My goodness look at your beautiful bluebells….you lucky gardener. My Aquilegia and lily of the valley are just ready to bloom here too.

    • Jessica May 16, 2016 at 7:49 am - Reply

      Yes, the bluebells are a very lucky bonus. Leaving the woodland relatively untouched, as we intend to do, should ensure they continue to thrive and spread.

  20. Val May 15, 2016 at 7:52 pm - Reply

    Absolutely gorgeous! I miss the Abutilon that we had before we moved to Wales and shall have to look for one or two. And I’ve never (knowingly) seen any Geum before – what lovely flowers! Are their stems smooth or prickly, as I’d quite like to get one or two of those, but it’s knowing where to put them, we have so many things with prickles. And of course, the bluebells! One of my most favourite flowers, with lots of memories of them from childhood as well as ones we have in our own grden. Delightful post, thank you!

    • Jessica May 16, 2016 at 7:57 am - Reply

      The Geum stems are hairy but smooth, no prickles! Close up photography makes them look bigger than they are. Most top out at a foot max although a few, like ‘Totally Tangerine’ are taller.

  21. Linda from Each Little World May 15, 2016 at 7:59 pm - Reply

    Everything looks wonderful. How nice to have the true English bluebells. Makes your garden and property even more special. Just bought my first Geum last year but I see how one could get easily hooked.

    • Jessica May 16, 2016 at 8:00 am - Reply

      It’s very easy to get hooked. There’s such a wide range of colours and forms. I manage to restrain myself to a couple more each year.

  22. Linda aka Crafty Gardener May 15, 2016 at 8:08 pm - Reply

    Your woodland and gardens are looking beautiful, especially the bluebells.

    • Jessica May 16, 2016 at 8:03 am - Reply

      I’ve been looking forward to the bluebells for weeks. Their growth has been slow this Spring, because it’s been cooler perhaps. They are always worth the wait.

  23. Anna May 15, 2016 at 8:28 pm - Reply

    There’s something magical about a bluebell woods. How lucky you are to have one on the doorstep Jessica. Had to chuckle over your comment about the male plant guardians. They have their uses 🙂

    • Jessica May 16, 2016 at 8:07 am - Reply

      They do! It reminds me of one of my favourite shops in Scotland where they provide chesterfields, coffee and papers for the menfolk, so the women can run amok with the credit card in peace.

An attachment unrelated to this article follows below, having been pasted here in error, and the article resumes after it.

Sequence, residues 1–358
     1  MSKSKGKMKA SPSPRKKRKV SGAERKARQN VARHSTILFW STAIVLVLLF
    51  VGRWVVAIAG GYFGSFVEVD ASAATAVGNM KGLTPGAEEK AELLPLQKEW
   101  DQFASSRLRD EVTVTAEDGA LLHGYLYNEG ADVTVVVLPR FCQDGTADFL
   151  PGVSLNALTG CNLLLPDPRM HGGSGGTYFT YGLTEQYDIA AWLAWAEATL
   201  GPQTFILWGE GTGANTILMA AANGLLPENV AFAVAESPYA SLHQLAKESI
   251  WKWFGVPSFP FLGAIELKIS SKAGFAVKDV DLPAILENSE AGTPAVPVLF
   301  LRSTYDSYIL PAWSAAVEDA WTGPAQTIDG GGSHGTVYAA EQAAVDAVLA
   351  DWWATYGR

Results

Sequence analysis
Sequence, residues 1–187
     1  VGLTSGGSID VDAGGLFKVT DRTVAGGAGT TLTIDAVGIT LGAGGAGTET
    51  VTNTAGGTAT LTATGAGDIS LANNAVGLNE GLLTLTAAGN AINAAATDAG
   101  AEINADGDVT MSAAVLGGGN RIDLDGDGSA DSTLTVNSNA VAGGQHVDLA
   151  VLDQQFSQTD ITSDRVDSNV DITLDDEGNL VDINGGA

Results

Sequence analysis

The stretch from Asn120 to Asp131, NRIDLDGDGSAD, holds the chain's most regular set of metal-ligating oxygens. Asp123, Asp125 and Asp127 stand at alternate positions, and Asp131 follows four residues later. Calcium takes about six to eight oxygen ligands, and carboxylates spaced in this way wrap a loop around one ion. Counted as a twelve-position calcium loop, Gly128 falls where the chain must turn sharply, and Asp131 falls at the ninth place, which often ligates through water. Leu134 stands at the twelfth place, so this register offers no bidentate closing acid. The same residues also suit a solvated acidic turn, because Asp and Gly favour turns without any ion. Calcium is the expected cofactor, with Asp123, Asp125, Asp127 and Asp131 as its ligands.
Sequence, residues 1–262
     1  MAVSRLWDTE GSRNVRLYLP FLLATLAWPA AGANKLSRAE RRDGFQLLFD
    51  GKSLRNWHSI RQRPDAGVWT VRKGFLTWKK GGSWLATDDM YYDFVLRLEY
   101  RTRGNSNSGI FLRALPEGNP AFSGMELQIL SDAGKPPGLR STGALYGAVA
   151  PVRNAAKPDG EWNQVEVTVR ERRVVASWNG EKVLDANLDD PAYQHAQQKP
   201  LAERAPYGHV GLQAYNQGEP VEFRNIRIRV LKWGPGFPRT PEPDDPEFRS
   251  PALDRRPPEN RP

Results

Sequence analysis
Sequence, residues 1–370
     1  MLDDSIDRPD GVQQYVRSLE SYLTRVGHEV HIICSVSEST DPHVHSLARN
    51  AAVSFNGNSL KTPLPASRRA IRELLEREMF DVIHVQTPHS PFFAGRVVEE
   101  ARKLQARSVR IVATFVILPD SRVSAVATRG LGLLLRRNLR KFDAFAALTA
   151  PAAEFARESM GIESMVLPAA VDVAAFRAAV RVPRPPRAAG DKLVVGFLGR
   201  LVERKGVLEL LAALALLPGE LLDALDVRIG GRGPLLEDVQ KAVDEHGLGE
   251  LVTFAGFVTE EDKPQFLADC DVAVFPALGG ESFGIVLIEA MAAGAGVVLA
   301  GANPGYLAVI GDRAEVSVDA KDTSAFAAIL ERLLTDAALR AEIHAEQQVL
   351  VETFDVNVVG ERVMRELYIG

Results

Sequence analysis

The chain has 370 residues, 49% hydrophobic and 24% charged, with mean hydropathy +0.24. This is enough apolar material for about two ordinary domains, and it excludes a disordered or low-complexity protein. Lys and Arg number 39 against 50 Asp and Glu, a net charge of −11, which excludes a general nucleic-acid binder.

24. Archie The Wonder Dog May 15, 2016 at 8:55 pm - Reply

    Your woodland is stunning, thanks for sharing photos of it! I think I need more geums in my garden…

    • Jessica May 16, 2016 at 8:08 am - Reply

      You can’t have too many geums! Thanks Archie.

  25. jannaschreier May 15, 2016 at 9:24 pm - Reply

    Your own personal bluebell wood, eh? Hard to beat that! And no, I couldn’t have resisted that Abutilon either. Gorgeous, gorgeous.

    • Jessica May 16, 2016 at 8:10 am - Reply

      It is a stunner that Abutilon, supposedly one of the hardiest too. Already in the ground 🙂

  26. Alana Mautone (@RamblinGarden) May 15, 2016 at 9:53 pm - Reply

    If I could ever get on a plane again I would visit Great Britain during bluebell season, just to be able to see – and smell – them. Thank you for all those beautiful pictures.

    • Jessica May 16, 2016 at 8:13 am - Reply

      There are some fabulous bluebell woods over here, mine is only a little one. Places where you can see bluebells stretching to the distance as far as the eye can see. If only it lasted longer than a week!

  27. Sue Garrett May 15, 2016 at 11:36 pm - Reply

    We have a geum called Herterton Primrose could that be yours. Those bluebells must smell fantastic.

    • Jessica May 16, 2016 at 8:22 am - Reply

      I’ll look that one up, thanks. I have a feeling I bought this one as ‘Mango Lassie’ and it clearly isn’t that. I’m wondering if it was mis-labelled.

  28. annamadeit May 16, 2016 at 1:09 am - Reply